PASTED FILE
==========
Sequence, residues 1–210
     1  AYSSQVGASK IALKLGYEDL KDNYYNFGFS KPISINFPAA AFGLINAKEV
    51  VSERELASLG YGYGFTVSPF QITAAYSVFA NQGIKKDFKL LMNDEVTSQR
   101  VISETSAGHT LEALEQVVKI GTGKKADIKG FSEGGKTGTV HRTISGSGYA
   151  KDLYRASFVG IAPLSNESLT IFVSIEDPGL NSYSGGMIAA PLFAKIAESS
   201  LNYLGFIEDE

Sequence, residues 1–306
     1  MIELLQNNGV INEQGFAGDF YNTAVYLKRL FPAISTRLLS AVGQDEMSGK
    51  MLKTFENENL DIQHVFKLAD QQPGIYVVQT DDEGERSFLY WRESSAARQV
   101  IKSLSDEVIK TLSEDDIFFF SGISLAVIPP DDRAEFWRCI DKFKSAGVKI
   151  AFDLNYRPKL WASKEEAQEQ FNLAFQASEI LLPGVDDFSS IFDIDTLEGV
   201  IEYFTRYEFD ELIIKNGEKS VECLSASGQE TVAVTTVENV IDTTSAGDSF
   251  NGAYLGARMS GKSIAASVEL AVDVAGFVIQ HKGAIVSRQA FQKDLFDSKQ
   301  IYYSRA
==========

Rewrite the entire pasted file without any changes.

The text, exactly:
Sequence, residues 1–210
     1  AYSSQVGASK IALKLGYEDL KDNYYNFGFS KPISINFPAA AFGLINAKEV
    51  VSERELASLG YGYGFTVSPF QITAAYSVFA NQGIKKDFKL LMNDEVTSQR
   101  VISETSAGHT LEALEQVVKI GTGKKADIKG FSEGGKTGTV HRTISGSGYA
   151  KDLYRASFVG IAPLSNESLT IFVSIEDPGL NSYSGGMIAA PLFAKIAESS
   201  LNYLGFIEDE

Sequence, residues 1–306
     1  MIELLQNNGV INEQGFAGDF YNTAVYLKRL FPAISTRLLS AVGQDEMSGK
    51  MLKTFENENL DIQHVFKLAD QQPGIYVVQT DDEGERSFLY WRESSAARQV
   101  IKSLSDEVIK TLSEDDIFFF SGISLAVIPP DDRAEFWRCI DKFKSAGVKI
   151  AFDLNYRPKL WASKEEAQEQ FNLAFQASEI LLPGVDDFSS IFDIDTLEGV
   201  IEYFTRYEFD ELIIKNGEKS VECLSASGQE TVAVTTVENV IDTTSAGDSF
   251  NGAYLGARMS GKSIAASVEL AVDVAGFVIQ HKGAIVSRQA FQKDLFDSKQ
   301  IYYSRA